In our meeting today we discussed the impact of austerity measures on the lives of British disabled people – as revealed by our Big Society project – as well as the current pressures facing disabled people in Malaysia. Disabled people in both countries continue to face real problems in accessing their communities. Peter explained to us inaccessible experiences of public transport and public buildings that occur even in a context of anti-discriminatory legislation. The Persons with Disabilities Act was passed in Malaysia in 2008 (http://www.jkm.gov.my/images/stories/pdf/personswithdisabilitiesact2008.pdf).

However, disabled people still struggle for representation in Malaysian civil society. Peter’s work as a Disability Equality Trainer seeks to contest disablist practices through work with public bodies and private organisations. Dan Goodley had this to say about the meeting; ‘After following Peter’s blog for a number of years – and having the chance to correspond via email – it was fantastic to actually get to meet Peter today with Rebecca. His writing captures the importance of combining personal stories with political activism and we look forward to keeping in touching the future’. Rebecca revealed ‘ hearing what life is really like for disabled people as active citizens in Malaysia adds to our picture of inclusion here’.

Peter has recently been a speaker at the first international disability studies conference hosted by the Centre of Excellence for Disability Studies, UNIMAS, Kuching (http://www.coeds.unimas.my/) with whom members of the Big Society team have also previously collaborated (http://www.coeds.unimas.my/index.php/2013-07-11-06-29-23/completed-research-projects) .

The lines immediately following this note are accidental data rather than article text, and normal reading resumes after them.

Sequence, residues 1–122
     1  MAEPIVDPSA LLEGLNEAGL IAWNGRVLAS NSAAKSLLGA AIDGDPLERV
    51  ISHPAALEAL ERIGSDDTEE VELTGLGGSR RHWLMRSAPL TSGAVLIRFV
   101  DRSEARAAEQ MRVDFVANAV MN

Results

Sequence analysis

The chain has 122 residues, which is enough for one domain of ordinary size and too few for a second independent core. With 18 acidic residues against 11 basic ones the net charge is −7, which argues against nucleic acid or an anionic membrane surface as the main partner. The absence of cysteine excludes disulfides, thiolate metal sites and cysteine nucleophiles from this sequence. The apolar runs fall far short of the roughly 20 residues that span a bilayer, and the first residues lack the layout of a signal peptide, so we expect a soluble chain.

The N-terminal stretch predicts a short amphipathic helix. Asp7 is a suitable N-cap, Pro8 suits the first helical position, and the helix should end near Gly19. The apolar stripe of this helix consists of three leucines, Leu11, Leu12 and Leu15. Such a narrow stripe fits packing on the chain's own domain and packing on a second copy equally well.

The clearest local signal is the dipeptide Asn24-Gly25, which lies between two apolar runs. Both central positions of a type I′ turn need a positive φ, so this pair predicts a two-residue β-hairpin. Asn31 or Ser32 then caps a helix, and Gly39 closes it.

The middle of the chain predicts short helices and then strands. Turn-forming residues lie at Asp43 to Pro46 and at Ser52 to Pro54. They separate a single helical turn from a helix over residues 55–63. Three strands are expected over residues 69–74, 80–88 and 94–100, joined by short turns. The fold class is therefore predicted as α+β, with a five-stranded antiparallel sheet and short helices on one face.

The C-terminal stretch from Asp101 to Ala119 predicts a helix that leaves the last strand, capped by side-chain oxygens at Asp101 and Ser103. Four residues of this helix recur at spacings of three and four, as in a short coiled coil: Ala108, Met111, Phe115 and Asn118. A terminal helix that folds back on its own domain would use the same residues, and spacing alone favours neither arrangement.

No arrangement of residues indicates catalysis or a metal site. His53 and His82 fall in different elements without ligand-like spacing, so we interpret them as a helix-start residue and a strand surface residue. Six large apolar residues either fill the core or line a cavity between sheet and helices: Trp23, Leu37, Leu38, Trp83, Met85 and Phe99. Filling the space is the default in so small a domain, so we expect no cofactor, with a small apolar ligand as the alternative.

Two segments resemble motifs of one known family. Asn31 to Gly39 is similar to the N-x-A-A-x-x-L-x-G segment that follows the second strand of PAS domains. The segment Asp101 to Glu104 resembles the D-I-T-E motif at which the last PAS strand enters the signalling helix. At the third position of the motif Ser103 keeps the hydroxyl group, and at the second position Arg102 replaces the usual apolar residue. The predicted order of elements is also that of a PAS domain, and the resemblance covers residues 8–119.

Peter’s writing can also be accessed through the Borneo Post (for example, http://www.theborneopost.com/2014/11/21/remove-barriers-for-people-with-disabilities/)


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Japan International Cooperation Agency and the Senator

On Thursday 2nd April, 2015, the team met up with colleagues from Japan International Cooperation Agency (http://www.jica.go.jp/english/). JICA has been working closely with the Federal Social Welfare Department to develop both self-advocacy, independent living and pathways into employment for disabled people in Malaysia. We had a very informative discussion thinking through approaches to job coaching in Malaysia and in the UK. The team were particularly grateful to Swee Lan Yeo, Consultant at JICA, for her support for our visit to Malaysia. Swee Lan was involved in a earlier project around disability in Malauysia and the UK. One key shared theme that emerged from the meeting was the importance of contextualising employment and self-advocacy in a wider discourse of disability activism and the politics of disability. The growth, for example, of the self-advocacy movement has provided a necessary impetus to rethink how communities respond to the ambitions of people with the label of learning disabilities. This recognition mirrors the findings emerging from the Big Society project which call for a re-emphasis on the politicisation of disability in a time of austerity. The growth of self-advocacy in Malaysia (see earlier post on United Voice) parallels earlier self advocacy movement in UK. Later in the day, we were extremely lucky to meet Bathmavathi Krishnan, Disability activist and Senator, Upper House, Parliament of Malaysia. Her post exists as a direct result of the 2008 act in Malalysia around PWD. We were grateful to the Senator for giving us her insights into the issues facing disabled people in Malaysia and for allowing us to talk to her about the UK context. Dr Katherine Runswick-Cole, Senior Research Fellow in Disability Studies & Psychology, from Manchester Metropolitan University said: “we have had a fantastic opportunity to share our ideas with our Malaysian colleagues and it has been great to have the opportunity to reflect, as a team, on our research. It has been fascinating to see the overlaps between the Malaysian and UK context and to share ideas about moving forward and working through the opportunities and challenges people with learning disabilities face in relation to employment in both countries.” IMG_2765